Sometimes group projects go wrong. Terribly, terribly wrong. Consider a multi-group project with a shared code-base, for a car racing game. Coded in C.
“This is even worse than before. They put multiple versions of their same code, in the same branch. And demos they found online.”
Cargo cult programming is a style of computer programming that is characterized by the ritual inclusion of code or program structures that serve no real purpose.
I have seen some students try to paste in blocks of code, seemingly at random, out of desperation, frustration, confusion… though doing that in a completely different language is new. Epic fail!
The thousand monkeys on thousand typewriters mentality fails as the number of monkeys approaches one. Software rarely gets better from having more code thrown in (actually it often gets worse). And lack of thought poisons the code-base for all of the team members, with content that should simply be deleted. This quickly turns into a mess of a project.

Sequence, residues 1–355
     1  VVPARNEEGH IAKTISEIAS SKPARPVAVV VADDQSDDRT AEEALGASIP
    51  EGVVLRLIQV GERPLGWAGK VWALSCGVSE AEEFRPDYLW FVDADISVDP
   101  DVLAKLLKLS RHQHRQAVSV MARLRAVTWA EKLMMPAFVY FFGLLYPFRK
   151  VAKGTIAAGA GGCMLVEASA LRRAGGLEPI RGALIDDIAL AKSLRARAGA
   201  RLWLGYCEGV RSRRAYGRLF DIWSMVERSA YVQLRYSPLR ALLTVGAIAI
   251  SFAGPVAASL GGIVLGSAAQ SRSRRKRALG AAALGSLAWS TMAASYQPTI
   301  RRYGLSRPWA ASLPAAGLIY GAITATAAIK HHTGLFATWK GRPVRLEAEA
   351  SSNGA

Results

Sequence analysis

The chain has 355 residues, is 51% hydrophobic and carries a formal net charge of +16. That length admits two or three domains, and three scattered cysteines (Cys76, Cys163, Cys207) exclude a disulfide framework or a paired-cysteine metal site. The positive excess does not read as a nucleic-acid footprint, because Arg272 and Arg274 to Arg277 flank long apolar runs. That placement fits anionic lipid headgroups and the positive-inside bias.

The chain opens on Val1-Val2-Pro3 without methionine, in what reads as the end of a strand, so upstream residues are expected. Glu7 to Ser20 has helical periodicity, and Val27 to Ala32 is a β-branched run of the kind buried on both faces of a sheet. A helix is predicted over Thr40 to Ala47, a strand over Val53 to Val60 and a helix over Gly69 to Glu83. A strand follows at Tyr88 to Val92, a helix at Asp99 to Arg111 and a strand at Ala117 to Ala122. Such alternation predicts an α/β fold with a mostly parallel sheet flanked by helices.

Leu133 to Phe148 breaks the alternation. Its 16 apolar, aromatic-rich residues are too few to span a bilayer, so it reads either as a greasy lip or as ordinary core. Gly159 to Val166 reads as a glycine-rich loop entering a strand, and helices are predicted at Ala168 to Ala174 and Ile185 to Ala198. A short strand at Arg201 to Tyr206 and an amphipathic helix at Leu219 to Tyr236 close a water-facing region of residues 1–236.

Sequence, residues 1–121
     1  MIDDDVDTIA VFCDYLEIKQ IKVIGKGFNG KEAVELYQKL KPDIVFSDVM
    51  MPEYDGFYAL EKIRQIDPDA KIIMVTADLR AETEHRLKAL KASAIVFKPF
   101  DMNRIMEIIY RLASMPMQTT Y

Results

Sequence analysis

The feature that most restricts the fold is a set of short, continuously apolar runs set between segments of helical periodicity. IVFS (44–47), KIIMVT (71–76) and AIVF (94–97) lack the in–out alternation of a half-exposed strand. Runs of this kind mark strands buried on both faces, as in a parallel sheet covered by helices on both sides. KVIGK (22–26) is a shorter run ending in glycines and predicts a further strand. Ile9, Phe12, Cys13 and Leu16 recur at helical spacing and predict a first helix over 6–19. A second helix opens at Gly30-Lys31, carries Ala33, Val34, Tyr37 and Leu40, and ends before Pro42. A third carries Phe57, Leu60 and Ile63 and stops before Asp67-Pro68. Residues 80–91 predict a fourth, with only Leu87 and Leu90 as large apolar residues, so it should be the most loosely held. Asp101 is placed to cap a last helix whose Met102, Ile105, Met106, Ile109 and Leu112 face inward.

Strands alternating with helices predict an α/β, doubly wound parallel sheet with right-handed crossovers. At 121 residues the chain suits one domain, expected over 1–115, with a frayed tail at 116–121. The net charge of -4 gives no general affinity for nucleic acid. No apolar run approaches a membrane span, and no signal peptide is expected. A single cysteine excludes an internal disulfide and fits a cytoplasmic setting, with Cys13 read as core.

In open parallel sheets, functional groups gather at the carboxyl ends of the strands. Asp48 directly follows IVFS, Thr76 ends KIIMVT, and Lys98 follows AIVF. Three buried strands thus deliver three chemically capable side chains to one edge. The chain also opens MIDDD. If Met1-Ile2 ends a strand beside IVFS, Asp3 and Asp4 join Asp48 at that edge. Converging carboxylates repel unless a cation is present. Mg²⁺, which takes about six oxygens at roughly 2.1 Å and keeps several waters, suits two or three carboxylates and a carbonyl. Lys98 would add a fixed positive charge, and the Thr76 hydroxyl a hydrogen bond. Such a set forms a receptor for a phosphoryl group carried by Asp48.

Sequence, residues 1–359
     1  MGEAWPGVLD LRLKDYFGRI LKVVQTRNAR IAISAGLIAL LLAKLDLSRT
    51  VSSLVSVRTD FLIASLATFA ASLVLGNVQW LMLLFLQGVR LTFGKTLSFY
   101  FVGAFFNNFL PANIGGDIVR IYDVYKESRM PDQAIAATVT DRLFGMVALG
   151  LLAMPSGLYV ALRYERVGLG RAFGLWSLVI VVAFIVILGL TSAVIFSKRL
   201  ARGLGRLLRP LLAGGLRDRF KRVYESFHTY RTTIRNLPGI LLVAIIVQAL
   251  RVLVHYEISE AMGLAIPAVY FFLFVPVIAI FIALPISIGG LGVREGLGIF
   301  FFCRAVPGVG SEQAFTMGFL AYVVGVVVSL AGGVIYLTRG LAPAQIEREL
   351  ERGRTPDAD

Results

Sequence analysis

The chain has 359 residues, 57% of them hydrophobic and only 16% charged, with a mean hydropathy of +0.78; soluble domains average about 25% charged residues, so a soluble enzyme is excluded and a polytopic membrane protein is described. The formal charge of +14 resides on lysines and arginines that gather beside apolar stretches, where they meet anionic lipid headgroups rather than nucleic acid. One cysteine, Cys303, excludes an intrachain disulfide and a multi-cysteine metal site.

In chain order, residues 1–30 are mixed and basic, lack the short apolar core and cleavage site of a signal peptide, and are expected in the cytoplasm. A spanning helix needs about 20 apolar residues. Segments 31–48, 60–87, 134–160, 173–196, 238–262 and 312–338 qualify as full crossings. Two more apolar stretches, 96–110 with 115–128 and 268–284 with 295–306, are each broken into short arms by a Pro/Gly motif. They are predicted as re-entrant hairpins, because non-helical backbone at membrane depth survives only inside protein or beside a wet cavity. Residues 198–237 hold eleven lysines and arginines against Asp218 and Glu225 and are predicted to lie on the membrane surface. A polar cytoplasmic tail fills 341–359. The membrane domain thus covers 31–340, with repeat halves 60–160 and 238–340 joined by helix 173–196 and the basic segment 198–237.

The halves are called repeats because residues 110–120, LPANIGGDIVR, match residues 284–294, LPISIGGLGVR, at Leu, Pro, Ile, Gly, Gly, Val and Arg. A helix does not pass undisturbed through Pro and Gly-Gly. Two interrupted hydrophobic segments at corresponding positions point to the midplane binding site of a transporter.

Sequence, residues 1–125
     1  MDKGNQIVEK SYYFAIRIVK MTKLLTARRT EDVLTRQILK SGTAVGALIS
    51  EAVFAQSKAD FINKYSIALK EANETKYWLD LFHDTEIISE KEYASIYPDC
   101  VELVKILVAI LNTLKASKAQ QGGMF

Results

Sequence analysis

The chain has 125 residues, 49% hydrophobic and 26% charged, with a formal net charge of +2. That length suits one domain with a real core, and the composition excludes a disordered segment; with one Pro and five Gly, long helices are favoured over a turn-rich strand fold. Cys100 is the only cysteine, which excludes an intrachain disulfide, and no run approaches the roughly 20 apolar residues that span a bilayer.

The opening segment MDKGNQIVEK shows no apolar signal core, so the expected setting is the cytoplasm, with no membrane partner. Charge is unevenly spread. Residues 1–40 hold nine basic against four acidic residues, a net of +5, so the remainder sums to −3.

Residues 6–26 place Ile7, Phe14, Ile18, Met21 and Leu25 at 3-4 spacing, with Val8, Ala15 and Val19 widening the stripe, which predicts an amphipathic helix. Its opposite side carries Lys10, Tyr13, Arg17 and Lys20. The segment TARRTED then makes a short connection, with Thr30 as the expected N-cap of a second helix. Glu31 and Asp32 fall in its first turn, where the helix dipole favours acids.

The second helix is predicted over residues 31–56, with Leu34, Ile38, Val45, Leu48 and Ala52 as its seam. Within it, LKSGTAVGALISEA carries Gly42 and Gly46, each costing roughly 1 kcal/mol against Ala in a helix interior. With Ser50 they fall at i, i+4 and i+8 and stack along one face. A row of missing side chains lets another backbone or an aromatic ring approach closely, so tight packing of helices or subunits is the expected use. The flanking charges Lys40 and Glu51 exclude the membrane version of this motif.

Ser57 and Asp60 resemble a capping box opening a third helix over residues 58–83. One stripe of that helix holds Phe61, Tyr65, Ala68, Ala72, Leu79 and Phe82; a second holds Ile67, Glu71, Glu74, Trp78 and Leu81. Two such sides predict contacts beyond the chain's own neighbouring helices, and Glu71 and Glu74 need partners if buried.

We’ve got to get more monkeys!
So for everybody’s sanity (and better grades!), lets refrain from throwing random code into group projects. I think a good rule to have is a requirement for some comments (it’s ok if they are short), both next to the new code, and in the source control commit messages. If anything, then simply as a proof, to everybody, that you know what you are doing. Lets be honest, if one isn’t sure what’s happening with their own code, others will have even less of an idea trying to figure it out.